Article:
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Tuesday, September 5, 2017

Eagle Creek Fire Jumps Over the Columbia: Childless Adults Even More Thankful to be Childless.

The Columbia River Gorge 09/05/2017 at 3:00am (As viewed from the Cape Horn Viewpoint on SR 14. Phoca Rock visible in middle of river.)


The Columbia River Gorge 05/31/2010 (from Cape Horn Viewpoint)


I've aligned these images based on the positions of Phoca Rock and the navigational structure in the middle of the river to estimate what areas are burning.

When I arrived at the viewpoint, it seemed I had missed the explosive advance of the fire's front. Still, as the wind gusted, and photographers scrambled to secure their tripods, one or another tree or other combustible item would explode like a solar flare.


The smoke stung my eyes. The buffeting breeze reminded me of speeding through central Oregon on a 104 degree day with the windows down.


Whenever the breeze lagged, voluminous, billowing smoke would hang briefly, as if in collusion with the ravenous flames, attempting to cover their sins of gluttony.


Starting around 4:00am, I started receiving emails indicating that the fire had jumped the Columbia and set Archer Mountain aflame. The photographer next to me pointed out an ominous glow to the East.


I drove to the St. Cloud recreation area and caught site of the flames — ever expanding.


 Looking South to the Oregon side of the gorge from St. Cloud recreation area.
Another view of Archer Mountain from a vantage point at Skamania Landing.


Looking South from Skamania Landing. Here, having exhausted its orgy options, the fire begins a more refined winnowing process.


At dawn, the fire is still occupied with Archer Mountain (from a viewpoint at Shahala Lake).


I had hoped to catalog the landmarks affected by the fire in the daylight, but smoke from the fire proved to be too thick, obscuring even the sun hours after dawn.




The blanket of smoke continues to obscure the sky at 9:00am (as viewed from Rocky Butte)

Editor's Note (09/07/17):
Thank you for your comments (here, and on Facebook). I find them fascinating.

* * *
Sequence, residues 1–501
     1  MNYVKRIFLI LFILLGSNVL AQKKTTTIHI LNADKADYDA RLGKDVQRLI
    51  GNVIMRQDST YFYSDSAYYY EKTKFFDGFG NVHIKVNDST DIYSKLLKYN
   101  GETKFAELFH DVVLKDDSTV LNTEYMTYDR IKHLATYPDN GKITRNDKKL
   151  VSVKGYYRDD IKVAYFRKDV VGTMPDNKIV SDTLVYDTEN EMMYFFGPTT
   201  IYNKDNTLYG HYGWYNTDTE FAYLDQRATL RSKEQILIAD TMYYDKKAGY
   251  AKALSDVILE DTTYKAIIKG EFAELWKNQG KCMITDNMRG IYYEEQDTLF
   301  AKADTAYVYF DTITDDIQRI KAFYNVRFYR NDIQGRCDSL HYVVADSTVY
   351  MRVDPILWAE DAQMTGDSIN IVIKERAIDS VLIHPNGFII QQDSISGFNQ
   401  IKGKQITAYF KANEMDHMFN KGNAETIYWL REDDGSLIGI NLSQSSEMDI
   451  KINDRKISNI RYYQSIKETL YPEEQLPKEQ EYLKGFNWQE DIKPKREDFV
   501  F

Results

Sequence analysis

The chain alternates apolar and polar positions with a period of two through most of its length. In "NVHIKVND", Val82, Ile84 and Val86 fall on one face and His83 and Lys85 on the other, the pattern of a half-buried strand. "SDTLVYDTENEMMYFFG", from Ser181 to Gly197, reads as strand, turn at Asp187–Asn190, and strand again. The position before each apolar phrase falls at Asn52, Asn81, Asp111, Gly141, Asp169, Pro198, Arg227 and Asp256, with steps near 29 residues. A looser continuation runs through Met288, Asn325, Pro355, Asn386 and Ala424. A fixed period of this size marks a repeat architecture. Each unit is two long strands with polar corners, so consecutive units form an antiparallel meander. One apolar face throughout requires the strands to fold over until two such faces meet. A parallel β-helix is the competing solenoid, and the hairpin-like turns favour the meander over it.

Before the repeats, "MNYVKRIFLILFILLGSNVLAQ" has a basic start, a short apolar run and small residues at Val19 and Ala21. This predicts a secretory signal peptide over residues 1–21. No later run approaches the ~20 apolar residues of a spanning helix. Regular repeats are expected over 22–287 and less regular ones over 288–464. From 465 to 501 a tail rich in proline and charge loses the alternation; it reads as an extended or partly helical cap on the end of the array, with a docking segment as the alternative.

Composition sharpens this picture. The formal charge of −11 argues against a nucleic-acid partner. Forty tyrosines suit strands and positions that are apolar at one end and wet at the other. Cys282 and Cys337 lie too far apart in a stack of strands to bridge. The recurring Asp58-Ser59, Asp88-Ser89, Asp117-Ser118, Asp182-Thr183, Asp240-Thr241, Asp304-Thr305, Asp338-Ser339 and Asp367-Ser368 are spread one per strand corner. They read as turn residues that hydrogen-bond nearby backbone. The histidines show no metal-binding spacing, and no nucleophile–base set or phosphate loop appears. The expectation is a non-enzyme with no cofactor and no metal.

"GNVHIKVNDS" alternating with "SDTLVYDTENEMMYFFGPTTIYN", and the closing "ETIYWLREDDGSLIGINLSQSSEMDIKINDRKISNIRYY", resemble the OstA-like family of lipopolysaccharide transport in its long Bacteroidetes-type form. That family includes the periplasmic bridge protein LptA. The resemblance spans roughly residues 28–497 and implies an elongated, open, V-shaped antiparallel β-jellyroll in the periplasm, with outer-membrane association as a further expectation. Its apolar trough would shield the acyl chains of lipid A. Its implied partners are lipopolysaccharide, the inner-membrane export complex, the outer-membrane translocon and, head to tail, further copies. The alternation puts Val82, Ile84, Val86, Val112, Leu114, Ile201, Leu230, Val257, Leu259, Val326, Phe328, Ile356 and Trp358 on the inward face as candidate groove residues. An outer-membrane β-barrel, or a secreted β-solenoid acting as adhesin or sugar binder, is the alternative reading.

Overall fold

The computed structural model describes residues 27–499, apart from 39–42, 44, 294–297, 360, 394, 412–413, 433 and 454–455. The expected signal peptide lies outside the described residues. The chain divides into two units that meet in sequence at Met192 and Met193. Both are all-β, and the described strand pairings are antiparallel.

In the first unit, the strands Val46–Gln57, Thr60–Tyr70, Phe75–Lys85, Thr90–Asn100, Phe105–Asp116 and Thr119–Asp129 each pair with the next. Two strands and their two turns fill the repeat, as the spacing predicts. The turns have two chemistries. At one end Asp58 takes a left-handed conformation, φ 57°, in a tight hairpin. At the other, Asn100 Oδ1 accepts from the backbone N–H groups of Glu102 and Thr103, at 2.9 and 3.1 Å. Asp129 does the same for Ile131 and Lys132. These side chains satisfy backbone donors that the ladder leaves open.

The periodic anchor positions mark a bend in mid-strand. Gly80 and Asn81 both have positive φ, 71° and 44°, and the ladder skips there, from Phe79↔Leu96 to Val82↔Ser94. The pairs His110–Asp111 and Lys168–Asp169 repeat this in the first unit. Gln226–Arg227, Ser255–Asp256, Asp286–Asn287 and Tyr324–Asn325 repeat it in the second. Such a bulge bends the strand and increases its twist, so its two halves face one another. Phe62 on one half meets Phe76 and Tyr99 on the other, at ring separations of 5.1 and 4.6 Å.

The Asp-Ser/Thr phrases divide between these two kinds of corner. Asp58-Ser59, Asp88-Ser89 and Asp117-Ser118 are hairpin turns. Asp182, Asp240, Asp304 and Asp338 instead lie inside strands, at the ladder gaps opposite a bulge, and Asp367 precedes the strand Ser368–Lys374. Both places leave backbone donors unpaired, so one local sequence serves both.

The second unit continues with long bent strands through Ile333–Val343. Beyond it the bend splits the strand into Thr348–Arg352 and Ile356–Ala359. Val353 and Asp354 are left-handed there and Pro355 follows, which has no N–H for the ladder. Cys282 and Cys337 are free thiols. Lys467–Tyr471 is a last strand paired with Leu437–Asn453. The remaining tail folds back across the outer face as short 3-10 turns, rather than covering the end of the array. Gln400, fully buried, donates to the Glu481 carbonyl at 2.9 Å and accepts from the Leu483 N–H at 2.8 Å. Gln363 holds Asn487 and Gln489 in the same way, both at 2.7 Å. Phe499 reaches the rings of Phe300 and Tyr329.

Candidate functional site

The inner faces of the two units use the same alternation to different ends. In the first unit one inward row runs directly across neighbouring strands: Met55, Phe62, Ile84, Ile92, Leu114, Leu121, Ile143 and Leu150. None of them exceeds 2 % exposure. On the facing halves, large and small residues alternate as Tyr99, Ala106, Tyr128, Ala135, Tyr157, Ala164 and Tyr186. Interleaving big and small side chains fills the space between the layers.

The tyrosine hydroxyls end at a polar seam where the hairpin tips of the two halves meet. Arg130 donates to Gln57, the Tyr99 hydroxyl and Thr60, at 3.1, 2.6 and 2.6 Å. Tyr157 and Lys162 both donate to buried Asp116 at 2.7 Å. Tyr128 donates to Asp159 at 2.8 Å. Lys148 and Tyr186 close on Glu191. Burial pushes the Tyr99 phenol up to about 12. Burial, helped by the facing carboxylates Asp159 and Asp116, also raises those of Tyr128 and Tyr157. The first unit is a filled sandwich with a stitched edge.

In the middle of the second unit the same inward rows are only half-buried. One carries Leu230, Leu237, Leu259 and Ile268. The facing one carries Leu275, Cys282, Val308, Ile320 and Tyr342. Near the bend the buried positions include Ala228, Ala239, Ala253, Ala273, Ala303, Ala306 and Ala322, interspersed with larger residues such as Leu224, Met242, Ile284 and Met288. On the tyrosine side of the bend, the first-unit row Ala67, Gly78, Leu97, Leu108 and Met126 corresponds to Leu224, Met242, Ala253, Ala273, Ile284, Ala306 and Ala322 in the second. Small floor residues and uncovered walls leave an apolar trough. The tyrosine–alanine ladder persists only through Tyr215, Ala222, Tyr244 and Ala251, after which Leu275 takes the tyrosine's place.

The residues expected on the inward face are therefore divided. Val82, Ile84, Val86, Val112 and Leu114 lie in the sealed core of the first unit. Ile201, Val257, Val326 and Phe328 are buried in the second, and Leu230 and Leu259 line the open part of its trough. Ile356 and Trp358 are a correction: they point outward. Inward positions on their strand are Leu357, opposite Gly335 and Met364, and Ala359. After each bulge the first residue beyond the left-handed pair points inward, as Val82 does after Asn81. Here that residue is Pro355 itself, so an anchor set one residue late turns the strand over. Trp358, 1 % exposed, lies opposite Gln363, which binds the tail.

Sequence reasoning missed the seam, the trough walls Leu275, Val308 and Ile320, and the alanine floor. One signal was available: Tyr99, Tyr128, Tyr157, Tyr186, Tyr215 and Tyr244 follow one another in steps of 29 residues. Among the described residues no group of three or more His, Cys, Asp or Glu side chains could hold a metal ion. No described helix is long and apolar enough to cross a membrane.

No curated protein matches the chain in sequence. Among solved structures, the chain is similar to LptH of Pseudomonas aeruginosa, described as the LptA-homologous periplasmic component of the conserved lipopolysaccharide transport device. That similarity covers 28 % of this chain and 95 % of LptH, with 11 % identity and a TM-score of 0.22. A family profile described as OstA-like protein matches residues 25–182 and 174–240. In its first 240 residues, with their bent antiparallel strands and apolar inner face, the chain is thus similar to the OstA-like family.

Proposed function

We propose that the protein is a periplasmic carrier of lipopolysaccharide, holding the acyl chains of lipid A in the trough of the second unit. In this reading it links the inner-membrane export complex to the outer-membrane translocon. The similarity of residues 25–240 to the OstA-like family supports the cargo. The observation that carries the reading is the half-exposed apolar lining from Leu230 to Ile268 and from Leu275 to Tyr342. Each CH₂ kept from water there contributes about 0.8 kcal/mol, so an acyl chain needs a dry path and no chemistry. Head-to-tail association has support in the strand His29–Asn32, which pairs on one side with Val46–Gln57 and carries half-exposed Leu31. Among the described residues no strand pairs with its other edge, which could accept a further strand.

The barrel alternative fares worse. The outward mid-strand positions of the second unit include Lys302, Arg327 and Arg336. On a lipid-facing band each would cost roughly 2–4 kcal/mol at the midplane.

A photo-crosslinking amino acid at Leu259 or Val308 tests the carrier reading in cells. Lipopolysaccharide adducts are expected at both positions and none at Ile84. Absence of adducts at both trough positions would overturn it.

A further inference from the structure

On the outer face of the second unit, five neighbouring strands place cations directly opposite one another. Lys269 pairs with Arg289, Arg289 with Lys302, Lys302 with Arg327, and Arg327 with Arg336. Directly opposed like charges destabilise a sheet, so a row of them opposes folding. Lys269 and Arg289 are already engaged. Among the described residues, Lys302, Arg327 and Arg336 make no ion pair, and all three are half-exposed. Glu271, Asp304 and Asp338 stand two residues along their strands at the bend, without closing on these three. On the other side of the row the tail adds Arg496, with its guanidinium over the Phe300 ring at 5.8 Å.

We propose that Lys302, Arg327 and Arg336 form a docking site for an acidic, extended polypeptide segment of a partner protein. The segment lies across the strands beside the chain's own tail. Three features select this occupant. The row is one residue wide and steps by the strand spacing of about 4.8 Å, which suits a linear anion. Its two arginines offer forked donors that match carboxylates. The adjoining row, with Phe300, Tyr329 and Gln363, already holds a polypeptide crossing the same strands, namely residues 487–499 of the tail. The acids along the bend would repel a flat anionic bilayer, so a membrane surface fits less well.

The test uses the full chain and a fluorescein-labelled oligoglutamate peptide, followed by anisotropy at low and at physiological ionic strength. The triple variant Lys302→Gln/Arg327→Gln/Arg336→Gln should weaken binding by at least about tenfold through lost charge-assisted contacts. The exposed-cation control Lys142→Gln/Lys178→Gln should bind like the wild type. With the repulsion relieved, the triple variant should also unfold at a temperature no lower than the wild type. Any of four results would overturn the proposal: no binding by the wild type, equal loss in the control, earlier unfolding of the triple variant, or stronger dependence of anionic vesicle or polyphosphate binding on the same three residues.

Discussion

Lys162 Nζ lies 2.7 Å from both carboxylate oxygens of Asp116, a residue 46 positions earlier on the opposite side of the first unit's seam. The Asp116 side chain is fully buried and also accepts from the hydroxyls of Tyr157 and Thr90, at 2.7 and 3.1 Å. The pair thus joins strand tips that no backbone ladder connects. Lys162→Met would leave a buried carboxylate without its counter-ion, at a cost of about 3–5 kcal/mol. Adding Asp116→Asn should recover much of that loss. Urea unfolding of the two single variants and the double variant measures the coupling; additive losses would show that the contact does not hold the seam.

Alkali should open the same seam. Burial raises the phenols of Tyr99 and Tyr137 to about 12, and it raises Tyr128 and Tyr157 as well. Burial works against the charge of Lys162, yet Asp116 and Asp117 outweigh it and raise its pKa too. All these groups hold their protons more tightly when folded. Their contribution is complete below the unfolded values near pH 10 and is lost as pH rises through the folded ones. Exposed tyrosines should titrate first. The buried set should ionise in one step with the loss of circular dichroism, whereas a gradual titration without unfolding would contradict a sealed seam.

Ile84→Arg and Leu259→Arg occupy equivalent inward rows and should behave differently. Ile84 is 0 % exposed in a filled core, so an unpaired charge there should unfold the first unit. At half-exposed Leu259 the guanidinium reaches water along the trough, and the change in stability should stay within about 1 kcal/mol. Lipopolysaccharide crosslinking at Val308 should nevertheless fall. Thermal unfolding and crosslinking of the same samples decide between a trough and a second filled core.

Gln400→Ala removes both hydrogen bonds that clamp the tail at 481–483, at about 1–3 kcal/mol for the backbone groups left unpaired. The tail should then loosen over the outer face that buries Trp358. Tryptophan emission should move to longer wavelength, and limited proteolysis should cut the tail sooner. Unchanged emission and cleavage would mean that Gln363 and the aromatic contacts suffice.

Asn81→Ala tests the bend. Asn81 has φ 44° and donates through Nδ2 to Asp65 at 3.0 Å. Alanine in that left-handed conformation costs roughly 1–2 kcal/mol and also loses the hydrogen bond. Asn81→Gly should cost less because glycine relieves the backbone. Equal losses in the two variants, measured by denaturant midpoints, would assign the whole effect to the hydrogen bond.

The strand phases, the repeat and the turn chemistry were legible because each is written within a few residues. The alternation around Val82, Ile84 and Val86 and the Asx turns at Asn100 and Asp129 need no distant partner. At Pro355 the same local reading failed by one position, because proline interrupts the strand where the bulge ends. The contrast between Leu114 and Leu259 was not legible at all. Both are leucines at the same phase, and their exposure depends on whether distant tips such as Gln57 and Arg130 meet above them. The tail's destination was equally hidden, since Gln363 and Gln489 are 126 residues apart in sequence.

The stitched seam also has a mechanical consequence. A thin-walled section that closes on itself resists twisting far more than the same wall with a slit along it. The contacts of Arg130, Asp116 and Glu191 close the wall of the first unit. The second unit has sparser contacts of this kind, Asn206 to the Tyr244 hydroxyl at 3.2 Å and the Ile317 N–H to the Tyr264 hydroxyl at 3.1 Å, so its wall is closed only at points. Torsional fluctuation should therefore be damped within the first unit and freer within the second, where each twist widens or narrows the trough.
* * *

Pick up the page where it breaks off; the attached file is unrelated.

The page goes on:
Let me re-assure some of you, particularly my mother, that my self-preservation instincts are fairly well refined. I am keen to avoid burning, blunt force trauma, falling great lengths, suffocation, drowning and drunken drivers — for starters. But thanks for the reminders.

The wildfire in the gorge is frightening. It is like an uncaged wild thing, or like a malevolent genie unwittingly released from its lamp. It feeds with evident cunning, and takes what it can with absolutely no empathy. With the capriciousness of a tornado, it obliterates some locations, while leaping over others and leaving them nearly unscathed. Lives and the works of lifetimes hang in jeopardy.

I do not take lightly the terrible consequences of this fire, but I do want to briefly address the recurring theme of sadness at the loss of so much beauty in the gorge, by suggesting that the very beauty we have grown up with is itself a product of volcanic ‘disasters, geography altering super floods, tectonic plate level seismic events and countless fires through the eons. 

Living in a scenic area where we have found it necessary to fence off our waterfalls and pave our wilderness trails, it is easy to believe that our Gorge is a permanent unchanging feature, bereft of natural cycles. But I suspect this is an illusion fostered by our short lifespans. 

Born from the stars, life has always contended with fire. Indeed, some life intimately depends on it. New niches will open, and various specialized plants and animals are just waiting to move in and make the world new again. And we humans, I suppose, will continue to risk building our houses near flood plains, or deep in the new forests of the future, because … it’s always going to be pretty.

8 comments:

  1. Really scary. Hope that was a very long lens you were using....